New strategies for row-crop management based on cost-effective remote sensors
|Martínez Guanter, Jorge
|Agüera Vega, Juan
Pérez Ruiz, Manuel
|Universidad de Sevilla. Departamento de Ingeniería Aeroespacial y Mecánica de Fluidos
|Agricultural technology can be an excellent antidote to resource scarcity. Its growth has
led to the extensive study of spatial and temporal in-field variability. The challenge of
accurate management has been addressed ...
Agricultural technology can be an excellent antidote to resource scarcity. Its growth has led to the extensive study of spatial and temporal in-field variability. The challenge of accurate management has been addressed in recent years through the use of accurate high-cost measurement instruments by researchers. However, low rates of technological adoption by farmers motivate the development of alternative technologies based on affordable sensors, in order to improve the sustainability of agricultural biosystems. This doctoral thesis has as main objective the development and evaluation of systems based on affordable sensors, in order to address two of the main aspects affecting the producers: the need of an accurate plant water status characterization to perform a proper irrigation management and the precise weed control. To address the first objective, two data acquisition methodologies based on aerial platforms have been developed, seeking to compare the use of infrared thermometry and thermal imaging to determine the water status of two most relevant row-crops in the region, sugar beet and super high-density olive orchards. From the data obtained, the use of an airborne low-cost infrared sensor to determine the canopy temperature has been validated. Also the reliability of sugar beet canopy temperature as an indicator its of water status has been confirmed. The empirical development of the Crop Water Stress Index (CWSI) has also been carried out from aerial thermal imaging combined with infrared temperature sensors and ground measurements of factors such as water potential or stomatal conductance, validating its usefulness as an indicator of water status in super high-density olive orchards. To contribute to the development of precise weed control systems, a system for detecting tomato plants and measuring the space between them has been developed, aiming to perform intra-row treatments in a localized and precise way. To this end, low cost optical sensors have been used and compared with a commercial LiDAR laser scanner. Correct detection results close to 95% show that the implementation of these sensors can lead to promising advances in the automation of weed control. The micro-level field data collected from the evaluated affordable sensors can help farmers to target operations precisely before plant stress sets in or weeds infestation occurs, paving the path to increase the adoption of Precision Agriculture techniques.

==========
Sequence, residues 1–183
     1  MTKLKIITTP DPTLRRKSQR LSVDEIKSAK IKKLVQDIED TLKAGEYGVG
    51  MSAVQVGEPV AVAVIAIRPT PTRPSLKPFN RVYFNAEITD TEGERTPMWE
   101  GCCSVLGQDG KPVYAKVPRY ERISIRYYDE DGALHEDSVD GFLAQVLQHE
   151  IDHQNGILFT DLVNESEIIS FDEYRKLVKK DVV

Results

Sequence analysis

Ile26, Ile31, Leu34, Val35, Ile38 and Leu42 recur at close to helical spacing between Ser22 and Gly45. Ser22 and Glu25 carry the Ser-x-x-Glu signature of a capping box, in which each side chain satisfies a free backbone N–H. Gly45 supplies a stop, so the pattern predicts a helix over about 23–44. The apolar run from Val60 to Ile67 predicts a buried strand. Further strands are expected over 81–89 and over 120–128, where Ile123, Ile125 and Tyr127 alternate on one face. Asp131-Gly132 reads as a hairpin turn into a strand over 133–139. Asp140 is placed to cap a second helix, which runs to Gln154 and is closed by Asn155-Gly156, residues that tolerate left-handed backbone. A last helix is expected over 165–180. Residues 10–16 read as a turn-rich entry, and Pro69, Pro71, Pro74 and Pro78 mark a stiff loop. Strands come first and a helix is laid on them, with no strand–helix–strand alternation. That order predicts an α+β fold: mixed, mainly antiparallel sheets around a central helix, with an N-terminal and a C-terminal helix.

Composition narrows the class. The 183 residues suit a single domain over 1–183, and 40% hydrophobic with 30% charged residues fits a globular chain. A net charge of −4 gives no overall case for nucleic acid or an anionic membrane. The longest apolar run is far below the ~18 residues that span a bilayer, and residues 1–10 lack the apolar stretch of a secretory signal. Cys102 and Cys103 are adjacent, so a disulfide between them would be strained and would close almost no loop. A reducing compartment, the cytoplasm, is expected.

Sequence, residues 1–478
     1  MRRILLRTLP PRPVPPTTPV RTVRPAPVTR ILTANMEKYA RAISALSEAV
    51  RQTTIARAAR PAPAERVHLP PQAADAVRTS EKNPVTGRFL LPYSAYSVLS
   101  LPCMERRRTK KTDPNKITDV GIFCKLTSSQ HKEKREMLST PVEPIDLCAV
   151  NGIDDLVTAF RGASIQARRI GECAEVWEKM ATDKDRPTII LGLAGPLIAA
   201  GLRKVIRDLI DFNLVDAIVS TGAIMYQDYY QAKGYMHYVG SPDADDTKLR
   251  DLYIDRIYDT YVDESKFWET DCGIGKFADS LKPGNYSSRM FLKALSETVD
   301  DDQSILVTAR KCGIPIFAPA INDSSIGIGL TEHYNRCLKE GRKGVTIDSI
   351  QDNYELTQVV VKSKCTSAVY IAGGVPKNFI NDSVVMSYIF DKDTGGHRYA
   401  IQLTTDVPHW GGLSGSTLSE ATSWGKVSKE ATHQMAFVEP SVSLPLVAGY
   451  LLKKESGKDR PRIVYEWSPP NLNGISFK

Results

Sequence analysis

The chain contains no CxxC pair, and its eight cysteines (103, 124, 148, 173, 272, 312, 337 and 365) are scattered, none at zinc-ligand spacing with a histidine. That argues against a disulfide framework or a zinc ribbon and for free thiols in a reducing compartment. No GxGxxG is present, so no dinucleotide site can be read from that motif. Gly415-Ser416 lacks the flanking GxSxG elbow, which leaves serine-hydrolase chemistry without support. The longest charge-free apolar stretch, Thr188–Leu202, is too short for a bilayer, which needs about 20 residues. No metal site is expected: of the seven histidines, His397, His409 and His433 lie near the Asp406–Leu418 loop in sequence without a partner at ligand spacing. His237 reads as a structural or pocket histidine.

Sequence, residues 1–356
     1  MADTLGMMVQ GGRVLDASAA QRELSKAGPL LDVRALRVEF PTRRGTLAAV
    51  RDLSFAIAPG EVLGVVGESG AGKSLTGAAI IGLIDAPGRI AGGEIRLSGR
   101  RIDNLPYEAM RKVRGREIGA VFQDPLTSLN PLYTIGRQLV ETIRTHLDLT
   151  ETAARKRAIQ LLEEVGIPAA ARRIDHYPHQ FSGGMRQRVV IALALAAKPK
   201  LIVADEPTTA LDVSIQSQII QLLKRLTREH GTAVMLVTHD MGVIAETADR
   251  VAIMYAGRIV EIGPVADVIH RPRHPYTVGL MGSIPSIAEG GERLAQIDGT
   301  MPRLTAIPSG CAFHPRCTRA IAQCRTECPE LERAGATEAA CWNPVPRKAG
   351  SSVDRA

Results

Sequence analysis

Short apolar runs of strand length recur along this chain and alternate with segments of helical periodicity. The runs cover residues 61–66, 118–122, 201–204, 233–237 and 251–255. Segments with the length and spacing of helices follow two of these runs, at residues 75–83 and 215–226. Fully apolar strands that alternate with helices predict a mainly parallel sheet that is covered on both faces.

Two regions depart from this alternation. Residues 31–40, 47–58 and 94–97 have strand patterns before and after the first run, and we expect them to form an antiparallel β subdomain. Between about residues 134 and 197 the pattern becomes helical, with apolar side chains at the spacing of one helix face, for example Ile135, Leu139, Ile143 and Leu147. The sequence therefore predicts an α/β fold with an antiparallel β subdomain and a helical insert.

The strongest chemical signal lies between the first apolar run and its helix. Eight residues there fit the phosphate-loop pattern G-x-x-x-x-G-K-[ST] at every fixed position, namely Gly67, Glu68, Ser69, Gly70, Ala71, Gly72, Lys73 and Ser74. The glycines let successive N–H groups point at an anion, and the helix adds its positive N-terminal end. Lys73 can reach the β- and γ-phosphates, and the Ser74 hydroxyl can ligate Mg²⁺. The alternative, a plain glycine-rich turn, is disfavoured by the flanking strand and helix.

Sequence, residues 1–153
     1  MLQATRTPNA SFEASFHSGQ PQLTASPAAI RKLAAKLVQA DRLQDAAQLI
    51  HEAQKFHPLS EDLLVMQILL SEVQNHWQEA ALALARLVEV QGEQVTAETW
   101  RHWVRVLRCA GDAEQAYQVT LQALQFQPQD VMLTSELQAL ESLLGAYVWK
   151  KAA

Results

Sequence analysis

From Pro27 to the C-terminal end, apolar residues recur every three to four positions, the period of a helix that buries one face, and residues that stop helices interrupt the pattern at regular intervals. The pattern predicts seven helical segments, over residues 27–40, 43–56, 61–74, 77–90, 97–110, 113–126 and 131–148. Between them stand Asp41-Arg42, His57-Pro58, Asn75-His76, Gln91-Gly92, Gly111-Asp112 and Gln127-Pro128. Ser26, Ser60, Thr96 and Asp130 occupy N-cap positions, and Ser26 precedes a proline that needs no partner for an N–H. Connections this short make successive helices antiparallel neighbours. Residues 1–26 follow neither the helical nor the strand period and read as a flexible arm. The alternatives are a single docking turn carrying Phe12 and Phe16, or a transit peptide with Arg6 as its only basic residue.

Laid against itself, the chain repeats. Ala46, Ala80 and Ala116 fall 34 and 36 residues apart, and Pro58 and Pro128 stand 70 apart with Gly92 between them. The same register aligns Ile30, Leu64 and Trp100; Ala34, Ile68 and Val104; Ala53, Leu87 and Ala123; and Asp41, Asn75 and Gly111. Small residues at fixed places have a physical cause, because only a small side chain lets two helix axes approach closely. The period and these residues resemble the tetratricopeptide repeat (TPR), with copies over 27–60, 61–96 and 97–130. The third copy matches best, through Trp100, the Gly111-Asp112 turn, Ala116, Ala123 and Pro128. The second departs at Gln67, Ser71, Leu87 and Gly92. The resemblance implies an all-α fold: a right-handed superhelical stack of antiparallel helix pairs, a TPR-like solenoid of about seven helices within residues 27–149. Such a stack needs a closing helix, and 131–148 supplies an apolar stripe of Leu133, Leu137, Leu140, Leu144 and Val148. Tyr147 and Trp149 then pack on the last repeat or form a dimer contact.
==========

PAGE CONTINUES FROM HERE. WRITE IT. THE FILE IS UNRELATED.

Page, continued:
|Martínez Guanter, J. (2017). New strategies for row-crop management based on cost-effective remote sensors. (Tesis Doctoral Inédita). Universidad de Sevilla, Sevilla.